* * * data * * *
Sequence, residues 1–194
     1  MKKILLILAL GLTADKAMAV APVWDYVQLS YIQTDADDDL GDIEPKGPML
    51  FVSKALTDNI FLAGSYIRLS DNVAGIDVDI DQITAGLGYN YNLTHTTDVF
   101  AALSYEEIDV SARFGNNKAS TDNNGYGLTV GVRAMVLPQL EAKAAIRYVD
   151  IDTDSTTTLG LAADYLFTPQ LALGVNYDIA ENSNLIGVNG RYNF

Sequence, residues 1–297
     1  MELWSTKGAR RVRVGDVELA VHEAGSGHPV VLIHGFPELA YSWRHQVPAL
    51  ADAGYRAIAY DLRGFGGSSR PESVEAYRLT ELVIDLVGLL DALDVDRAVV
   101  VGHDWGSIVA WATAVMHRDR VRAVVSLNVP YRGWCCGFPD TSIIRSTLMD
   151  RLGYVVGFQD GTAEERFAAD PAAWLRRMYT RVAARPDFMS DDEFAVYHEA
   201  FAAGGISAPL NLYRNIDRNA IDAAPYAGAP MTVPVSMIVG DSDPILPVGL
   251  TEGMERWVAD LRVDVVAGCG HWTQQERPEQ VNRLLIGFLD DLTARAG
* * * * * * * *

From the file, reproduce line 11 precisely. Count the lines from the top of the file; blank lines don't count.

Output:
   201  FAAGGISAPL NLYRNIDRNA IDAAPYAGAP MTVPVSMIVG DSDPILPVGL